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   Re: DTD invented by Microsoft?!

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  • From: Giovanni Flammia <flammia@sls.lcs.mit.edu>
  • To: "Henry S. Thompson" <ht@cogsci.ed.ac.uk>
  • Date: Thu, 26 Jun 1997 10:12:52 -0400

As someone who is not used to write DTDs, I appreciate the
proposed by Henry Thompson. With XML, less is more. So, for example, I
can see
why constraining XML documents to be trees is better than allowing
people to encode
arbitrary object graphs.

Isn't XML and its extensions to become "SGML for the masses, without

If you keep a gentle learning curve for people to create new tags, I am
the popularity of XML will spread like wildfire. I apologize if this
might seem misplaced, but if one has to learn
full-blown SGML syntax and how to write DTDs, then most people who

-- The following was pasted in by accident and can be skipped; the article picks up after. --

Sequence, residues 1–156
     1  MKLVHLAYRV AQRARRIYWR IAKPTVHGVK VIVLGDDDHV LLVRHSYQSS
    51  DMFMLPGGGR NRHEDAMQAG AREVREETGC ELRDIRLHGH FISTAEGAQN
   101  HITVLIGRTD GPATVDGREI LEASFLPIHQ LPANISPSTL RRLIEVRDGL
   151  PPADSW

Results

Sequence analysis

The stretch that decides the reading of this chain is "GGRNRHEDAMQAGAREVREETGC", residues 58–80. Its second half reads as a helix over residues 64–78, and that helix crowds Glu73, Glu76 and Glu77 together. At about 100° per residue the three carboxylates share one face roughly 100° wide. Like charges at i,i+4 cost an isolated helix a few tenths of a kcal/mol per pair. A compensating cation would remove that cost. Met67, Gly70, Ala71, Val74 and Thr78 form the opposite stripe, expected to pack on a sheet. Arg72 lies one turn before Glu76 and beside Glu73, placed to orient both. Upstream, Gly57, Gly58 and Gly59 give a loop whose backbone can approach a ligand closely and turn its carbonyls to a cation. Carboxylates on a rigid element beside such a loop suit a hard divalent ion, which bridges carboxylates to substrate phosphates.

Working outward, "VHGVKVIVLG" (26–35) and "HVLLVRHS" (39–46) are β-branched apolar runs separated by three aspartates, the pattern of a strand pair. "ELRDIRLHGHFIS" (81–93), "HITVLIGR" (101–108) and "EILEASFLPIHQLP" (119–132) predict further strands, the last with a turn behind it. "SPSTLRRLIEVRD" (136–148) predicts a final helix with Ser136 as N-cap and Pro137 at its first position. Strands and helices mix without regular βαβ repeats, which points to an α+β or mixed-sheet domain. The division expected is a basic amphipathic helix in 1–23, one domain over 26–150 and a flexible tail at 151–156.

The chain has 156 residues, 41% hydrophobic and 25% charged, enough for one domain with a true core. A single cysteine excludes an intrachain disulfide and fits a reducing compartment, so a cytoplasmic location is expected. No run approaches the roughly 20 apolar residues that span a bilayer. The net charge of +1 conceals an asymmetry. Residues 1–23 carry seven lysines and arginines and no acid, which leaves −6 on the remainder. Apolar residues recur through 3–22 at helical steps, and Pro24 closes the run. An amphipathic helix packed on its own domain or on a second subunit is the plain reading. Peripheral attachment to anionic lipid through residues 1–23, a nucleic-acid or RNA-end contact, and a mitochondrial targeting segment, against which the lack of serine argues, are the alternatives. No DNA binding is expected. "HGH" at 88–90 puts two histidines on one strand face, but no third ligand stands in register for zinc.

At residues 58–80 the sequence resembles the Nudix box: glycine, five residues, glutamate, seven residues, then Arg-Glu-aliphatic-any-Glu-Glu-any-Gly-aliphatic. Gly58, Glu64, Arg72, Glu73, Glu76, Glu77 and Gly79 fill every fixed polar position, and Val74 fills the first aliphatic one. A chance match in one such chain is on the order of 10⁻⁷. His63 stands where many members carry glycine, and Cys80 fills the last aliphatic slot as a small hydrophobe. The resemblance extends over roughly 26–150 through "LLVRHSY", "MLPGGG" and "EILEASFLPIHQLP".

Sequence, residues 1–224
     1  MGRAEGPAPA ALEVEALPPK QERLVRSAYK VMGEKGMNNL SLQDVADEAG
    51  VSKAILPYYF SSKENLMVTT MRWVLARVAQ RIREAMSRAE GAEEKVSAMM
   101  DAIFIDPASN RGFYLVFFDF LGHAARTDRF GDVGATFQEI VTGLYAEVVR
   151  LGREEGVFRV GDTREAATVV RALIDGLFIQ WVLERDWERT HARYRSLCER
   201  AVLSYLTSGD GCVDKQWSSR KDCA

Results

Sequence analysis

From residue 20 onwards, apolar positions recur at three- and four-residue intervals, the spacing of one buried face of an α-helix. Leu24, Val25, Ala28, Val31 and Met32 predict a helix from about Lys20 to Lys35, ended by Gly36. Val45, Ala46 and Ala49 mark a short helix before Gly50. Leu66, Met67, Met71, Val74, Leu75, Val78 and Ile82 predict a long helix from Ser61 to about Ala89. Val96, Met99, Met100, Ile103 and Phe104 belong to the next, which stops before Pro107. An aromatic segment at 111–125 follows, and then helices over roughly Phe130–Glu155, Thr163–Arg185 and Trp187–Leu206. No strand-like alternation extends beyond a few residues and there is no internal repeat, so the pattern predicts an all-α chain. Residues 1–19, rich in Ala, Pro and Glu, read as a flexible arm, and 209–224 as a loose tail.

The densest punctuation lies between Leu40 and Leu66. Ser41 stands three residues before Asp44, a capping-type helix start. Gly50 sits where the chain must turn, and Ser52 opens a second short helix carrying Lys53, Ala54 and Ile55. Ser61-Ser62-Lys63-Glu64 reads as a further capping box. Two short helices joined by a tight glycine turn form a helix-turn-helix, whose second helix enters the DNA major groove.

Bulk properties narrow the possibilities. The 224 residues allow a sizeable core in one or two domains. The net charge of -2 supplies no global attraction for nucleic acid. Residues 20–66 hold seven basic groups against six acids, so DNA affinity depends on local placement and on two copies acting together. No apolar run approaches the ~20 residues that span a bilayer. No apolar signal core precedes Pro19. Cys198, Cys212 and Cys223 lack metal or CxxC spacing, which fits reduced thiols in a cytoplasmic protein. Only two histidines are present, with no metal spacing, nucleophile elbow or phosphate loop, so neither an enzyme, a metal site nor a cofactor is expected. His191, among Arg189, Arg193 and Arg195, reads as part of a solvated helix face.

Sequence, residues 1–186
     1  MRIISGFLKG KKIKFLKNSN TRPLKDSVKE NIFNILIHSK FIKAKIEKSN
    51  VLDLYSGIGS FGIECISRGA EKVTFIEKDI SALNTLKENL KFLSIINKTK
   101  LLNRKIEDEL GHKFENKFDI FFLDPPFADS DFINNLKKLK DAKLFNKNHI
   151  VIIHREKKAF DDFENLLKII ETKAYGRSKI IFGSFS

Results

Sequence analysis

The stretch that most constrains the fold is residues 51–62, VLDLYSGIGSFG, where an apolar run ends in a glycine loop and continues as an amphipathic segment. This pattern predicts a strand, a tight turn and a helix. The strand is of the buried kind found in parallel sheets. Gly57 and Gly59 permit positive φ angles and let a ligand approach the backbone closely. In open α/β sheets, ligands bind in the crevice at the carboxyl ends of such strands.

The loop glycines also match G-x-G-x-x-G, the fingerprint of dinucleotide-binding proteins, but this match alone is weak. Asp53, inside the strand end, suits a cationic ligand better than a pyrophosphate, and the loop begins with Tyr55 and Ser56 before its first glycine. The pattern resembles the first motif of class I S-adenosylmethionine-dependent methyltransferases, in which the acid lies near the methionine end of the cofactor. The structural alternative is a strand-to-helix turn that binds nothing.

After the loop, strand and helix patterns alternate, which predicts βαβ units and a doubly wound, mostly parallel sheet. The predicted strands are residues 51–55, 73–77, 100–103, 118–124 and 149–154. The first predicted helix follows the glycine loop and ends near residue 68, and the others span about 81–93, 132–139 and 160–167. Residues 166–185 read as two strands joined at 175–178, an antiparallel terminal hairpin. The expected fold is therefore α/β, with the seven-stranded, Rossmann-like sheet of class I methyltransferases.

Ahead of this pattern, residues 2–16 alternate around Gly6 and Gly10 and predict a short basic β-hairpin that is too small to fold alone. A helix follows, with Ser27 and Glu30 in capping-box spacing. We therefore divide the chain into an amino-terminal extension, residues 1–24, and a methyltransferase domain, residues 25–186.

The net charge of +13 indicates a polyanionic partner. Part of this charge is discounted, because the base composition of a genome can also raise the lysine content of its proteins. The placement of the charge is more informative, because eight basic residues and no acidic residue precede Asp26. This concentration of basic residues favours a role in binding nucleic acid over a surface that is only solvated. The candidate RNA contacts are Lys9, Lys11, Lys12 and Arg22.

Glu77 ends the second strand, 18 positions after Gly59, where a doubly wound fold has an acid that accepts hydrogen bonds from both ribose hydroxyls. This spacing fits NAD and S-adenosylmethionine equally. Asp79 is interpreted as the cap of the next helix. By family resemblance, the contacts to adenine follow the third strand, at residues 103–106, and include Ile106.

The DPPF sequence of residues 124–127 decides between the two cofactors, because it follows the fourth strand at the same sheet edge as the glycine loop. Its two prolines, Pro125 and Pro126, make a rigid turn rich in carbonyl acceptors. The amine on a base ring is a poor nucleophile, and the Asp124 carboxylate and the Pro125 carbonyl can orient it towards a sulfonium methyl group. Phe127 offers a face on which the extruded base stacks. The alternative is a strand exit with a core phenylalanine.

are afraid to get into SGML now (and are currently occasional users of
SGML w/o dwelling into
DTDs) will be also afraid to work with XML.

I am a little bit confused about how much power of expression should XML
If an XML document encodes detailed semantics about how to process its
elements, like a full blown programming language, and you have to use an
IDL for it, isn't XML competing with distributed object communication
(e.g., CORBA), and distributed object databases (e.g., ObjectStore) but
much less efficient (requiring parsing to communicate with objects,
rather than calling the objects' methods directly)? How does all this
fit together?

Shouldn't XML be specialized to expose just enough of the semantics
necessary to improve
indexing, searching, and multi-modal display of Web documents?

Giovanni Flammia

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